Fairness In School Reopening

Editor’s note: The following letter was submitted to the Los Alamos School Board as an open letter and is published here with the permission of the author.

Dear Los Alamos County School Board:

Re: Fairness in School Reopening

As someone who has worked for decades on education and health globally, I have great appreciation for the efforts our School Board and the LAPS administration are making to help our students continue to learn during this pandemic, while staying safe.

I also appreciate that the school system has taken a number of measures designed to ensure fairness in its approach to reopening. These include, for example, the opportunity to enroll in the online academy, rather than the hybrid model; the opportunity for some students to go home for lunch, rather than to eat at school, and, the encouragement of eating and learning outdoors, whenever possible.

Nonetheless, I note below several aspects of our school reopening that raise important issues of fairness and a number of ethical concerns. The increasing incidence of the virus in Los Alamos makes attention to these matters even more important.

The principles of ethics require that the approach to schooling during the pandemic should:

  • Maximize educational outcomes, while keeping children safe
  • Be fair
  • Pay particular attention to the least well-off.

The approach the Board has taken to several reopening issues raises questions of both fairness and the extent to which the system is meeting the ethical principles noted above:

  • Children in some schools will eat in the cafeteria but students will eat in the classroom at the other schools, except at Chamisa, where the students will go home for lunch – CDC and the NMPED do say that students can eat either in their classrooms or in cafeterias. However, on the face of it, the approach taken by our school system intentionally exposes the children who will eat in the cafeteria to greater risk of infection than the children allowed to eat in their classrooms. This violates the first principle of keeping children safe. This is also not fair, since some students (and supervising teachers) are being forced to accept greater risk than others. It also violates the public health premise of trying to keep cohorts of students as small as possible.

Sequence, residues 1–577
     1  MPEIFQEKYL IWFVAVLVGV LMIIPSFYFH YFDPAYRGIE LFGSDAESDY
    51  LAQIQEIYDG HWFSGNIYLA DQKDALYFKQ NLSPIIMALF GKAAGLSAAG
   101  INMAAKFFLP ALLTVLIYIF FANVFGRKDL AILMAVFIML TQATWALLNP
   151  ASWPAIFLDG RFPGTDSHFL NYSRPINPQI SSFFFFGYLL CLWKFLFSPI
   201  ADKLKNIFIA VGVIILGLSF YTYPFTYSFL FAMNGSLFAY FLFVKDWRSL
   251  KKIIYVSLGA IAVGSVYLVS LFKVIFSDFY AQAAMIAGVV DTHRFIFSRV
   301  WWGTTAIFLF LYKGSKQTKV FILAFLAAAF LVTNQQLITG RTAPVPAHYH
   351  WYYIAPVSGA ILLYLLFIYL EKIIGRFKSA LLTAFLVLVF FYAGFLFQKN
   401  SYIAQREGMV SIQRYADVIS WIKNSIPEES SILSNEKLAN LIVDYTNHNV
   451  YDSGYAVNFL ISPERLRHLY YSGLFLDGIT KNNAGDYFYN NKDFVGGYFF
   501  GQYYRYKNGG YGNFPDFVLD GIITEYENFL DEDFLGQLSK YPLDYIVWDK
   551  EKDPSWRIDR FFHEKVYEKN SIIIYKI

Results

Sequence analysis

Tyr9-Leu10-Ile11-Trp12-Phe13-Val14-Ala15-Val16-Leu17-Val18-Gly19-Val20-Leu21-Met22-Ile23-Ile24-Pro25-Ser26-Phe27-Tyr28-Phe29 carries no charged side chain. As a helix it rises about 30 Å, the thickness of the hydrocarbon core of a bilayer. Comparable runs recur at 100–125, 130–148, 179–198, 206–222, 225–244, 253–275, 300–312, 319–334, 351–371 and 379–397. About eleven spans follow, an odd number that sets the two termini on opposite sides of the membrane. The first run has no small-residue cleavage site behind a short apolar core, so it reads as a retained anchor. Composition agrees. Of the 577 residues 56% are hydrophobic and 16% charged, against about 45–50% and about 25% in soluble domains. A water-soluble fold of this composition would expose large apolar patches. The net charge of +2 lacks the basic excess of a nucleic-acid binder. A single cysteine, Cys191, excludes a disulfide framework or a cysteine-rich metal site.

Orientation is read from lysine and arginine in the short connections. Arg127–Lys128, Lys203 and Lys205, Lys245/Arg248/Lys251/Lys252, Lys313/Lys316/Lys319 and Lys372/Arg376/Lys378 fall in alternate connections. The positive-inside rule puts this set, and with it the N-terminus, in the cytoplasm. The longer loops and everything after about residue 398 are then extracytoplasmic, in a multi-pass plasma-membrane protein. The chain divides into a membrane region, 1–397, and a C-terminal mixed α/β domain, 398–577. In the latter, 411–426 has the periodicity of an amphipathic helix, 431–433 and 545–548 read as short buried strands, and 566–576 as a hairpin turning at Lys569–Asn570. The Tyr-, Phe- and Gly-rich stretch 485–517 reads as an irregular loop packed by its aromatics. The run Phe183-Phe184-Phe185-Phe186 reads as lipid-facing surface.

• Chamisa Elementary School will have a different approach to the hybrid than the other schools – In this case, students at Chamisa will meet physically for 5 hours a day, then be dismissed for lunch at home. They will then have two hours of online instruction. In the other elementary schools, the students will have seven hours of instruction at school, eat in the cafeteria or their classroom, and then go home. Chamisa students and teachers will have reduced risk of exposure to the virus solely because they are at Chamisa. This raises important questions of fairness and whether or not such an approach is ethical. It can only be seen as fair if the school system has taken this approach in order to learn from it, has a carefully laid out plan to evaluate its health impact compared to the other approaches, and has considered how it will generalize to the others schools any lessons that might emerge from the “Chamisa experiment”.

Although hybrid in-person learning has already begun, I believe the School Board is now obliged to do what it should have done earlier:

  • Clearly articulate to the community a compelling justification for why it has chosen to expose students and teachers in some schools to a greater risk of infection by eating in their cafeterias, rather than in their classrooms.
  • Clearly articulate to the community the basis on which Chamisa was permitted to operate a hybrid model different from that at other schools. The system should also explain clearly to the community if Chamisa is an approach from which it expects to learn in ways that would benefit the broader community and, if so, how the system would elucidate and generalize those lessons.

In the absence of the above, the community will have to conclude that the approach the system has taken to these matters does raise important questions of fairness and ethics.

The school system will continue to face challenges raised by COVID-19. Yet, the system, understandably, lacks expertise in public health and health law and ethics.  I would recommend that the system identify experts in these areas who might be willing to help the system consider such matters as they arise.

I am not an expert in the ethics of health or education. However, I have spent considerable time working on and writing about the ethics of health and health research. I have also worked with outstanding specialists in legal and ethical issues in health. My comments and suggestions above take account of the views of several such experts. 

I hope the School Board will be willing to consider these matters at its November meeting.

Richard Skolnik
Los Alamos